The Sydney Harbour Bridge is shrouded in an eerie blanket of dust on September 23, 2009. Sydney’s cars and buildings turned orange as strong winds blew desert dust across the city, snarling commuter and air transport and prompting a warning for children and the elderly to stay indoors.
Australia’s biggest city was shrouded in an eerie blanket of red dust on Wednesday as bushfires, earthquakes, wild winds and massive hail stones caused havoc in the country.
Sydney’s cars and buildings turned orange as strong winds blew desert dust across the city, snarling commuter and air transport and prompting a warning for children and the elderly to stay indoors.
Residents wore face masks and covered their mouths with scarves as they travelled to work under red skies, while long delays were expected at Sydney airport after several international flights were diverted.
Elsewhere in New South Wales, hail stones “the size of cricket balls” smashed windows as thunderstorms and gale-force winds lashed the state late on Tuesday.
“We’ve had reports of cars with both their front and rear windscreens smashed,” an official from the State Emergency Service said.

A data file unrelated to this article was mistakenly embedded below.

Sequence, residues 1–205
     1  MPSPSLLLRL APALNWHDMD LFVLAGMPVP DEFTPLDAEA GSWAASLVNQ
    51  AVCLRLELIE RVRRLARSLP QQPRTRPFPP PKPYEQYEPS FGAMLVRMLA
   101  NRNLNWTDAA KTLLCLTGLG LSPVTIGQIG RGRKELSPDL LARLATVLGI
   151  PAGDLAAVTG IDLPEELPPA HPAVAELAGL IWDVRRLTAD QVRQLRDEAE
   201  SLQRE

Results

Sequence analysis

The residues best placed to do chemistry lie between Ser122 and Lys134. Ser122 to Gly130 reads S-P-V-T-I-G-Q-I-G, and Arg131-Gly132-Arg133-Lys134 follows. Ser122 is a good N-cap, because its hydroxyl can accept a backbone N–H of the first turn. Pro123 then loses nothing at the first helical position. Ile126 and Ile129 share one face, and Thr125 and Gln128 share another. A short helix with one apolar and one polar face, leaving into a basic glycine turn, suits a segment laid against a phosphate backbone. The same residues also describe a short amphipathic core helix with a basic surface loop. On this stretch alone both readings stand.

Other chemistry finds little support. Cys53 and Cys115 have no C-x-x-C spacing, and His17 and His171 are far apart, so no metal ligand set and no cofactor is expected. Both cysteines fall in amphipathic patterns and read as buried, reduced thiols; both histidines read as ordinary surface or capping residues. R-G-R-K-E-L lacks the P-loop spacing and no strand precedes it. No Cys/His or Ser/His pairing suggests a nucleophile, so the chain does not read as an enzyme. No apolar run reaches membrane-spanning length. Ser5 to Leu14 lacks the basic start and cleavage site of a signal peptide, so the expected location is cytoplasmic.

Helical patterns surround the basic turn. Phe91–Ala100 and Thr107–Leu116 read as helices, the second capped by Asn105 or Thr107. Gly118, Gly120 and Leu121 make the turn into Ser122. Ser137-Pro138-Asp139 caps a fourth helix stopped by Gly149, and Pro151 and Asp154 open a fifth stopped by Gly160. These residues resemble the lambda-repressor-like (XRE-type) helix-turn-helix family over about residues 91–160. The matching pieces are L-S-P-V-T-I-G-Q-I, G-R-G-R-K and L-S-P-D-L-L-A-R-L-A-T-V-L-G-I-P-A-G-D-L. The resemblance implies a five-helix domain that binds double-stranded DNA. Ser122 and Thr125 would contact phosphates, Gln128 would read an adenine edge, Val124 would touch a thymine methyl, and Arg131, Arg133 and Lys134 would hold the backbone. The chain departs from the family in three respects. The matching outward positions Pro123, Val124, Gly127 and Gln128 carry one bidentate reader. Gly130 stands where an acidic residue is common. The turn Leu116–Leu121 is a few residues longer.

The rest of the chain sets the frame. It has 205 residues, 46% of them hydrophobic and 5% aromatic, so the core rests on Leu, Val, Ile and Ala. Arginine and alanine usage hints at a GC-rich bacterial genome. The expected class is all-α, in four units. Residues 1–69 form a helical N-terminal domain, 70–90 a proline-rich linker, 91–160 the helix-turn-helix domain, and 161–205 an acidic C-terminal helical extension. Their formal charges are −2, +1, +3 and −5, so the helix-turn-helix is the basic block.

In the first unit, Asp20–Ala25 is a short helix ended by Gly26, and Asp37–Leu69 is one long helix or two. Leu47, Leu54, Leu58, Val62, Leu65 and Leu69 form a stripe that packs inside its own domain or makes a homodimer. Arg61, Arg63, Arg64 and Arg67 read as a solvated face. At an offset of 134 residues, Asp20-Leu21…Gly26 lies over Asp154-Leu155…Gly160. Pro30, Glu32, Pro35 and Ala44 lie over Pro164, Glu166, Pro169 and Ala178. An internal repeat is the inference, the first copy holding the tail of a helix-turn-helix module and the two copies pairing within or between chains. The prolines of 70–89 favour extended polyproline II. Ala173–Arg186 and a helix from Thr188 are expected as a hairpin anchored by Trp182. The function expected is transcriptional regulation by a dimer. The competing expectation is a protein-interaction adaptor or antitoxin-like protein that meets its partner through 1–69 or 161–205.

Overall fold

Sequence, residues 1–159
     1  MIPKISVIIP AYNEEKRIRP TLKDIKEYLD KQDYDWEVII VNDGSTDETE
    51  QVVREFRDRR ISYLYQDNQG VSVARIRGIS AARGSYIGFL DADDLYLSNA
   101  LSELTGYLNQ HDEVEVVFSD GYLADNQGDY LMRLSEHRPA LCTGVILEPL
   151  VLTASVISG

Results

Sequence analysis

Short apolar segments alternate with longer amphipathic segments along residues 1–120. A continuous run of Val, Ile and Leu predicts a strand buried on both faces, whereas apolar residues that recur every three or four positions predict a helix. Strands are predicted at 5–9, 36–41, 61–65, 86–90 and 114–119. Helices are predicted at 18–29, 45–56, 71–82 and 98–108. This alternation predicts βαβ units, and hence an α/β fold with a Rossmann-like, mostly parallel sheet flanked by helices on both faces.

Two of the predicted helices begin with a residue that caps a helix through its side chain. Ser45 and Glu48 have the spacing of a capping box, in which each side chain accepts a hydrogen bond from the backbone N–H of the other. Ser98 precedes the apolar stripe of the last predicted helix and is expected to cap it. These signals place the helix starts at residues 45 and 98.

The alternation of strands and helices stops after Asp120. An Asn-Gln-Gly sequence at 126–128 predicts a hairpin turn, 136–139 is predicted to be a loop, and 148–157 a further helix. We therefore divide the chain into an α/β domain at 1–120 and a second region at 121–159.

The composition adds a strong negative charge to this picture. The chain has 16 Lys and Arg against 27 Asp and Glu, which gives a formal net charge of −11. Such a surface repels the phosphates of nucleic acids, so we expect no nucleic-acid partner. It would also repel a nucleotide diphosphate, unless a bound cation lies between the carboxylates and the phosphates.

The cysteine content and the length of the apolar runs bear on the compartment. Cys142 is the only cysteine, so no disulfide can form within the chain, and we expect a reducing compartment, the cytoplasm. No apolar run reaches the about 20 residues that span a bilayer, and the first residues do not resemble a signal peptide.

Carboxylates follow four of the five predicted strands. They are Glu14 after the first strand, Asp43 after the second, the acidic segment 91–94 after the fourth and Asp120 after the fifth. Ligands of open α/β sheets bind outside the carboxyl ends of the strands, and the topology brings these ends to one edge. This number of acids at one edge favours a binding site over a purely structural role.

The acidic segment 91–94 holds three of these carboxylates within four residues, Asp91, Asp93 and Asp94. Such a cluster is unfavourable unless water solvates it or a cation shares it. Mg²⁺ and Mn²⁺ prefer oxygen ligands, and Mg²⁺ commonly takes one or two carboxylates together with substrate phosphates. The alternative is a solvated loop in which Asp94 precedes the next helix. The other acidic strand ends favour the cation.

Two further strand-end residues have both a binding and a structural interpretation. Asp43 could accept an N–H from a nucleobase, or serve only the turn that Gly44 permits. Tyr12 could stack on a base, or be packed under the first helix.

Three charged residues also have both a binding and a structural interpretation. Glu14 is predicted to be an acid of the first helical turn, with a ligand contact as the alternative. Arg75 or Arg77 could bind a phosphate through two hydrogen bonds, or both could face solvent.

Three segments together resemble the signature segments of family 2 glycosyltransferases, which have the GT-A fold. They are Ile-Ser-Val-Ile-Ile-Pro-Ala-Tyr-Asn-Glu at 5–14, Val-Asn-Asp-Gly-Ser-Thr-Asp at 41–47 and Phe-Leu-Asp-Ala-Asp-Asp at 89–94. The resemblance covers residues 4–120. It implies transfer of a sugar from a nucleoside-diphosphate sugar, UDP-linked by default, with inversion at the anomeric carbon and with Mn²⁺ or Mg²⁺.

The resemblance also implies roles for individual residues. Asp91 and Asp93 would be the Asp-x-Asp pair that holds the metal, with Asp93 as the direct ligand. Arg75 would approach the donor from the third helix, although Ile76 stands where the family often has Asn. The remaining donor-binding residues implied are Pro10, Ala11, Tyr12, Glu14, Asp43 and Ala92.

Further north, Queensland imposed fire bans across large parts of the state a day after a dozen bush blazes sprung up following a spell of unusually hot, dry weather.
Victoria state was on alert for flash floods as heavy rains fell, following a pair of minor earthquakes late on Tuesday. The 3.0- and 2.6-magnitude tremors did not cause any damage, officials said.
Police in southwestern New South Wales, bordering Victoria, reported freak conditions on Tuesday as dark red skies thick with dust cut visibility to just two to three metres (yards) in some areas.
“I’ve never seen anything like it in all my life, and I grew up here,” a police officer at the border town of Broken Hill told national news agency AAP.
“It was darker than night time, and lasted for about half an hour. You couldn’t even see the street lights.”